In May this year voters in the UK will go to the polls to decide the outcome of possibly the most unpredictable general election in years – and one that could decide the course of this country for the foreseeable future.
There is no way to accurately predict which party the majority of the votes will go towards; nor can one say with certainty who will be the Prime Minister with anything other than educated guesswork.
However, what the vast majority do agree on is that Britain’s politics has changed to the point where it can no longer be described as a two party system. Support for both Labour and the Conservative parties is dwindling amid perceptions of elitism, arrogance and perhaps most importantly, a lack in ideological fortitude.
The number by which we now list the parties in Britain’s political system is also contentious – the increase in popularity of smaller parties have made commentating on how the country ought to be governed markedly more complicated and interesting than it once was. The two biggest parties have to contemplate how far they are willing to appease those who claim to hold the traditional Conservative and Labour values, and at the same time hold onto the decisive vote of middle England – a spectrum of the population both parties will claim ownership of.
The factors influencing Britain’s election are numerous – a fragile, if growing, economy, a potential referendum on the European Union and a failed recent attempt by the Scottish National Party (SNP) to break the country up are just three of them.
The sheer number of parties vying for our votes, as well as the fact that Parliament is coming to the end of a fixed term, means this will be an election without precedent.
2015 will be Joe Twyman’s fourth general election as head of political and social research at YouGov. The previous three, he says, were relatively simple: “Back in 2001, it was pretty easy, in 2005 it was straightforward but it was a lot more difficult in 2010 and now in 2015 it is a lot more difficult again. It is not possible to predict what the result of the election will be.”
The last election in 2010 was, as Twyman says, an easy one to comment on – the only question being whether or not David Cameron had reformed the Conservatives enough to win a majority, but considering how far behind they were in the Commons, a coalition with the Liberal Democrats was, in hindsight, quite likely.
Whereas in 2010 the Conservatives easily won the most votes, and subsequently almost 50 more seats than Labour, this year the polls are considerably closer, and the result will probably be another hung parliament. The past 18 months have seen Conservatives fluctuate between 30 and 32 per cent, Labour between 32 and 34 per cent and UKIP is currently in third place with 15 per cent.“There are a lot of great uncertainties surrounding this election,” Twyman continues, but says he is fairly certain there will be another hung parliament. Beyond that, the result gets a lot more complicated to anticipate.
“Any pollster or political scientist will tell you it is not a good idea to look at the gap between the Conservatives and Labour, but rather you should look at the share of the vote. We know Labour benefit from the electoral system, so we could see a situation where the Conservatives win the most votes but Labour wins the most seats in a hung parliament.”
One of the biggest stories, and contributor, to the electoral drama is the emergence of UKIP. Their success depends on how Nigel Farage’s party can sustain the momentum from the European Elections and two by-election victories last year.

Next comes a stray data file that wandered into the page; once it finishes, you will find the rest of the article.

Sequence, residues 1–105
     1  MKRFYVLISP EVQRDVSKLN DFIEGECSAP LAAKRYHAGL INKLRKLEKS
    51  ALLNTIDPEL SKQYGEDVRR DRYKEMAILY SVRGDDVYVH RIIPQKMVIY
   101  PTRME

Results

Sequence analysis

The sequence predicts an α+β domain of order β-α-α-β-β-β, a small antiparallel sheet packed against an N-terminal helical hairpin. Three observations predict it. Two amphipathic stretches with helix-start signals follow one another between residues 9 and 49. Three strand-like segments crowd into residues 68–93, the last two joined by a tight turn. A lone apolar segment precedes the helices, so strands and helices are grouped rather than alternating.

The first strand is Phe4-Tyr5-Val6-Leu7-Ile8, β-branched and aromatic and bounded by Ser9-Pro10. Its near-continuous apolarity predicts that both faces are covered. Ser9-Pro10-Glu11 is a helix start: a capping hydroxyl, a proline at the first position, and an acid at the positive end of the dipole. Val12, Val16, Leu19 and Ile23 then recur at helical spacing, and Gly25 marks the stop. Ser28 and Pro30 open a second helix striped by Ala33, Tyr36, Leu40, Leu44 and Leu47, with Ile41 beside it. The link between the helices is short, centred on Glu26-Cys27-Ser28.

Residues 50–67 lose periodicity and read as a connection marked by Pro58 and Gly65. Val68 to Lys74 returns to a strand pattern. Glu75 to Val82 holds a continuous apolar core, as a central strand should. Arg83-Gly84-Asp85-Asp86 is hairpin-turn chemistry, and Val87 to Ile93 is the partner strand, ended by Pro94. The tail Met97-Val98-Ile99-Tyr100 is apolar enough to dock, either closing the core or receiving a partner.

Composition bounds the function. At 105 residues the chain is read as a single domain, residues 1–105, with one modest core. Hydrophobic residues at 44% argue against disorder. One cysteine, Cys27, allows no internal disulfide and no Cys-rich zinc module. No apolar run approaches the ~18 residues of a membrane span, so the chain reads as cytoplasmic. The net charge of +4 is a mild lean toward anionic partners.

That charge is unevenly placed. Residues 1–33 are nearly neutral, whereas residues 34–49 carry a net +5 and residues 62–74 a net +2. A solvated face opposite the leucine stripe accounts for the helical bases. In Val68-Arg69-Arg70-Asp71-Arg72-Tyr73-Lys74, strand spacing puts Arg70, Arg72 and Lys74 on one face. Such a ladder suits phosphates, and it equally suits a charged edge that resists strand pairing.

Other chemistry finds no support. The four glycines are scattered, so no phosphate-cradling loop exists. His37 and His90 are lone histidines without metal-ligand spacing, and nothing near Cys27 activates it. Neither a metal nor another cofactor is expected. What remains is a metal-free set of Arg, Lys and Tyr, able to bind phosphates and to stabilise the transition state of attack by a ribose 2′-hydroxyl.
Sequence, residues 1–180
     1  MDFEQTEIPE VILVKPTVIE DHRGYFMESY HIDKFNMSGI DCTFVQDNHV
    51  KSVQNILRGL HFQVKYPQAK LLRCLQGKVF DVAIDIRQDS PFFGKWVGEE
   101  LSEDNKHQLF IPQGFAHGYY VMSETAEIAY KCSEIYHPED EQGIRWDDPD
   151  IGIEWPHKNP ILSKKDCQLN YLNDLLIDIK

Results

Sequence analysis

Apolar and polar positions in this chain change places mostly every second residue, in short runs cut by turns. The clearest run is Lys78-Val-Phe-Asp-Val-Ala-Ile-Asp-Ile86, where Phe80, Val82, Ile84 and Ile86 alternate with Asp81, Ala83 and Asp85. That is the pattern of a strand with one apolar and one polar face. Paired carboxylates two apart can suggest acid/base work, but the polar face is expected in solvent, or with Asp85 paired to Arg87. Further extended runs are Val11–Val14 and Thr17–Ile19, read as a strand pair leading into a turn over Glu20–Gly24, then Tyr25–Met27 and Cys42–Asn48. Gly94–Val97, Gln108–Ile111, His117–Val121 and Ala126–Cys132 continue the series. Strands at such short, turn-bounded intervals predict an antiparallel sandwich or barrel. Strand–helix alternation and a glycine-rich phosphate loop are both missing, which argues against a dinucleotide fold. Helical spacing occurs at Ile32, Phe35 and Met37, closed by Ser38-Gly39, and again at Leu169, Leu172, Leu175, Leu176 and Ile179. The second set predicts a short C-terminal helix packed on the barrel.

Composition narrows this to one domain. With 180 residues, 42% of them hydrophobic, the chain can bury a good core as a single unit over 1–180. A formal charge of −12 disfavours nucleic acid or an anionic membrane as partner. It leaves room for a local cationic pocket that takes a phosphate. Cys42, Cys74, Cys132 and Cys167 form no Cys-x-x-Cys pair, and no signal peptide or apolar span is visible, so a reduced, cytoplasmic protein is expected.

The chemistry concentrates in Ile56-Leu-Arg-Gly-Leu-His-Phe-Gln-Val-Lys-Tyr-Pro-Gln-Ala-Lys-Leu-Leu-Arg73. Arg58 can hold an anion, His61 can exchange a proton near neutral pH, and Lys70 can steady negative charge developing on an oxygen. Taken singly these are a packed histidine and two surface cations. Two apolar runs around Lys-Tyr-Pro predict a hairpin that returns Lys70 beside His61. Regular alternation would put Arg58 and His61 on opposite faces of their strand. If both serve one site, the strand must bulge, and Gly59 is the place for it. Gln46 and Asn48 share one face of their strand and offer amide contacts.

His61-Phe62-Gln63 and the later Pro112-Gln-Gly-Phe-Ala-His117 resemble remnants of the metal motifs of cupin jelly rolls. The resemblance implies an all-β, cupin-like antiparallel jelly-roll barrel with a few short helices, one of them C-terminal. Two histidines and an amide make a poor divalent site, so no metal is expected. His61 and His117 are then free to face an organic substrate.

Jack Duffin is chairman of Young Independence, UKIP’s youth wing, and he’s at pains to point out the importance of this year’s vote: “It will define where the UK moves over the next five years in terms of the economy and several other factors which will have a lasting impact in the foreseeable future.”
UKIP have been the biggest beneficiaries of the decline in support for the larger parties in England.
Taking two Commons seats from the Conservatives, and coming very close to winning in a Labour territory have given the party the belief it can cause both the main parties to reconsider their positions on issues such as the European Union and immigration.
UKIP, Mr Duffin says, will be present in our political consciousness for much longer than either the Prime Minister or Leader of the Opposition would like: “Democracy is allowing people to vote whichever way they want and accepting the result. The old two parties are shrinking at unbelievable rate, and who knows if they will still be around in their current form in 20 years.”
That rather bullish approach to the decline of the two party system is shared in some degree by Georgia Elander of the Young Greens National Committee: “This election is a turning point because it signals the end of the two party system and will increase the need for cooperation in government.”
“We know Labour benefit from the electoral system, so we could see a situation where the Conservatives win the most votes but Labour wins the most seats in a hung parliament.” Joe Twyman
Both UKIP and the Green Party have, along with the SNP in Scotland, done a brilliant job in taking the support that has drifted from the centre. The reason for that is one most agree upon – that people, generally, feel let down by politics and politicians. The ingenuity of those who have filled the vacuum is also, paradoxically, their flaw. UKIP members, for example, have demonstrated that they can campaign more effectively than the Conservatives on local issues and articulate people’s frustrations, hence two successful by-elections. The flaw with UKIP is that it is simply not big enough to win enough seats to form part of any government. Historical precedence would suggest that it is unlikely the 15 per cent of people supposedly intending on voting UKIP will do so in practice.